wheat field

A South Dakota field of winter wheat this spring.

The end of May ended the wettest year in South Dakota’s weather-record-keeping history, says Laura Edwards.

She’s the SDSU Extension State Climatologist in Brookings.

In her June 2019 Climate Outlook published June 7, Edwards said the 12 months from June 1, 2018 to May 31, 2019 was “the wettest 12-month period in 124 years of record-keeping” in South Dakota.

Things have been dryer and warmer so far in June. But later this month, the trend will be to cooler and wetter than normal across much of the state, Edwards says.

The crop planting remains well behind normal schedules, even though the state's farmers had 5.5 days suitable for fieldwork in the week ended June 9, after getting in 3.4 days the previous week, according to USDA's weekly crop progress report issued Monday.

On Monday, the USDA’s National Agricultural Statistics Service office in Sioux Falls reported that 64 percent of the state’s corn crop was planted by Sunday, June 10, compared with 99 percent by now in the five-year average. Only 34 percent had emerged by Sunday, compared with 92 percent in the five-year average.

The corn crop’s condition was ranked good across half the fields, fair on 36 percent, excellent on 5 percent, poor on 7 percent and very poor on 2 percent.

NASS’s survey of county extension agents and other crop watchers pegged soybean planting as 43 percent complete, compared with the five-year average of 93 percent by now.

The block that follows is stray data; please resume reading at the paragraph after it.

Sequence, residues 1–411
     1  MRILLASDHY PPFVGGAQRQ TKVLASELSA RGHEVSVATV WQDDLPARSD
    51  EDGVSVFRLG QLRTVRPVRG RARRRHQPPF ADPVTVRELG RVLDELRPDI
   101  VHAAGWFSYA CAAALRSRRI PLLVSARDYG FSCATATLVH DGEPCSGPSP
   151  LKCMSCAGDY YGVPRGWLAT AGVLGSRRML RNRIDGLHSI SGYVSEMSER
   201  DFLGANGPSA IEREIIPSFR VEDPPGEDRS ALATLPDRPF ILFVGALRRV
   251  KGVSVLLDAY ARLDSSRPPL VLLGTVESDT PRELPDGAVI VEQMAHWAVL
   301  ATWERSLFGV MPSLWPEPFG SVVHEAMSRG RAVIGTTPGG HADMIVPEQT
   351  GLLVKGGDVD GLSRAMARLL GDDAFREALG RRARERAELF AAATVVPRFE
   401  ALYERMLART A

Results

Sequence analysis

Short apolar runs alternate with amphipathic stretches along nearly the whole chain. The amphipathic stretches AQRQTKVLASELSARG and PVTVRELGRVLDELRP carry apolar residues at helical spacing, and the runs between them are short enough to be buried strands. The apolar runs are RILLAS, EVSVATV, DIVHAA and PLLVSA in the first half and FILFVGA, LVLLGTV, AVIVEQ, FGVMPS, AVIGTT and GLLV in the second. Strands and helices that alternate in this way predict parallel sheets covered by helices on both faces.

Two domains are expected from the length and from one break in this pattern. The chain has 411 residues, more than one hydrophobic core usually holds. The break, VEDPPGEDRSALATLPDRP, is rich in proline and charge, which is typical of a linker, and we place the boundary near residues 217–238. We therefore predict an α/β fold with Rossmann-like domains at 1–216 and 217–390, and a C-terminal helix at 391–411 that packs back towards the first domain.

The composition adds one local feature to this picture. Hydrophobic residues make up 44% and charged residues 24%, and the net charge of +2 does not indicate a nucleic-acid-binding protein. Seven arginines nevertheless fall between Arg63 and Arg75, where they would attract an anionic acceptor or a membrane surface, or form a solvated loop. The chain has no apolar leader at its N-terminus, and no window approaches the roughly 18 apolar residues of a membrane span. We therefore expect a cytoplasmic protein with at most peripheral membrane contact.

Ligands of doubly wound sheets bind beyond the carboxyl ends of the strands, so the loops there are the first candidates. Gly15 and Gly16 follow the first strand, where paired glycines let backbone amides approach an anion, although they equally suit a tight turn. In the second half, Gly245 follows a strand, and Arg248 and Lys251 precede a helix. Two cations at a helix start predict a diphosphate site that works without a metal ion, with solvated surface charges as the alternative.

Only 11 percent of the soybeans had emerged, well behind the 76 percent average pace the past five years by this date.

Spring wheat planting was 96 percent complete, when normally it’s been complete for weeks by now; 89 percent of the crop has emerged, compared with 97 percent in the five-year average.

Spring wheat’s condition was rated good on 62 percent of the acres, excellent on 7 percent; fair on 30 percent and poor on only 1 percent.

Sunflower seeding was 19 percent complete, compared with 54 percent by now in the five-year average.

Pasture and range conditions were ranked good on 52 percent of acres, excellent on 19 percent, fair on 24 percent, poor on 4 percent and very poor on 1 percent.

Topsoil moisture was surplus on 36 percent of acres, adequate on 61 percent.

Subsoil moisture was surplus on 41 percent and adequate on 58 percent of acres.

Winter wheat condition was rated excellent on 4 percent, good on 56 percent, fair on 34 percent, poor on 4 percent and very poor on 2 percent of fields.

The too-much moisture and the too-few days to get out in the field mean farmers have not been able to get as much nitrogen applied to wheat crops this spring as they will need, said Ruth Beck.

In an article updated June 7 in SDSU’s Extension website, Beck, an extension agronomy field expert based in Pierre, said a lack of nitrogen can cut yield and protein in wheat crops. Protein is a quality factor in wheat and normally more of it per kernel means premium prices to farmers.

But the high water this spring has not been good for nitrogen application, making it impossible or difficult to even get into some fields to apply nitrogen after planting because of muddy conditions.

“Even in fields that had adequate nitrogen application, there could be concern as some nitrogen maybe have been leached or denitrified with heavy rains,” Beck wrote, referring to the chemical process in which nitrates are reduced in wheat plants.

Beck said it might be worth it to take tissue and soil tests from such wheat fields to see if more measures are needed to add some nitrogen.


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